Michael Egnor seems to be making the same point in his response (published by the Discovery Institute's "Evolution News") to the debate over Gervais' article. (Egnor is a neurosurgeon who teaches at Stony Brook University.)  Can you be good without God?  Egnor's answer is that you cannot be good if God doesn't exist; but if God does exist, you can be good even if you don't believe God exists.

If God exists, Egnor explains, then as Moral Lawgiver, He can provide the cosmic transcendent standards of good and evil.  And insofar as that Moral Law is a natural law "written in our hearts" (Romans 2:15), atheists can intuitively feel the transcendent weight of that Moral Law, even though they deny the divine source of that Law.

But if God does not exist, as the atheists say, then there can be no such thing as good and evil.  There are only human opinions about what serves human welfare, about what we happen to like.  But what we like or dislike gives us only hypothetical imperatives about what serves the needs of human nature, human culture, and human individuals.  This cannot give us the categorical imperatives woven into the cosmic order by the Moral Lawgiver.

I have defended the hypothetical imperatives of natural goodness here and here.  All natural law reasoning depends on hypothetical imperatives that have a "given/if/then" structure: Given what we know about the nature of human beings and the world in which they live, if we want to pursue happiness while living in society with each other, then we ought to adopt a social structure that conforms to human nature in promoting human happiness in society.  So, for example, given what we know about human vulnerability and human propensities to violent aggression, if we want to pursue happiness, peace, and prosperity in our society, then we ought to have laws against murder, rape, assault, and theft.  Consequently, the laws against murder, rape, assault, and theft are natural laws.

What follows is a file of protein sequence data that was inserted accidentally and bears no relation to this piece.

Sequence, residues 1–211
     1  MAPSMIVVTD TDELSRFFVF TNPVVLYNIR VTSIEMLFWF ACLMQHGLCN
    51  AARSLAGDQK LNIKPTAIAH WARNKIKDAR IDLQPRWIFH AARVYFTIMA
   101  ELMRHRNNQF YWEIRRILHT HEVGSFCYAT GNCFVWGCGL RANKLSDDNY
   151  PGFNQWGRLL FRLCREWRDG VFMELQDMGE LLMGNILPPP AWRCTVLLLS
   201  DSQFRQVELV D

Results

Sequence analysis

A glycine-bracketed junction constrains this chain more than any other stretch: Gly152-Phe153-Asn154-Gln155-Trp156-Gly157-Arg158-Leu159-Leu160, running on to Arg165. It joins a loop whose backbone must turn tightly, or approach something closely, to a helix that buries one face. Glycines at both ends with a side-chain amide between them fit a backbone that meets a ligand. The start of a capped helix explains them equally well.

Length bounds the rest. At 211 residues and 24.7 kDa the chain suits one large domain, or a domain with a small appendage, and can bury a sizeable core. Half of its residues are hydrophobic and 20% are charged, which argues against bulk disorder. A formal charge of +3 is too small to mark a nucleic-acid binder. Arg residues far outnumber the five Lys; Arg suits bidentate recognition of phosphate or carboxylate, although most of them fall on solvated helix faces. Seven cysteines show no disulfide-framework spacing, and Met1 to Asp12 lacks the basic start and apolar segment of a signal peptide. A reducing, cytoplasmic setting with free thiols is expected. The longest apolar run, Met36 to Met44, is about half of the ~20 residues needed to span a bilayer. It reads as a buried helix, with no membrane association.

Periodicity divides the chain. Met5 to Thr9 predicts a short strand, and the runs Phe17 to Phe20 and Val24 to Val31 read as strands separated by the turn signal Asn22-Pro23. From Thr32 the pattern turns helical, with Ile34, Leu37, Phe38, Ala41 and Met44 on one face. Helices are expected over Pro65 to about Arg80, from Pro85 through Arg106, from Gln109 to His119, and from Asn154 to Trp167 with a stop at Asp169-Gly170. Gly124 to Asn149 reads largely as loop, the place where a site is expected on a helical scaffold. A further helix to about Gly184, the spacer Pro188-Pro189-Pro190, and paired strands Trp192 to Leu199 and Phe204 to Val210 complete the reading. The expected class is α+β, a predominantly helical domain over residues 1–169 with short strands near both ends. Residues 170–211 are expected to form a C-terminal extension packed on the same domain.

The biblical theist will say that this natural law has been "written in our hearts" by God.  The atheist will say that this natural law belongs to our evolved human nature.

Although Egnor criticizes the atheist for not recognizing the metaphysical ground of morality in God's command, Egnor seems to concede that as a practical matter, this intellectual mistake does not prevent the atheist from living a morally good life.

Of course, Egnor has to face up to all the problems that come with a divine command theory of morality.  For example, would Egnor say that murder is good whenever God commands it, as when God commanded Abraham to murder his son Isaac?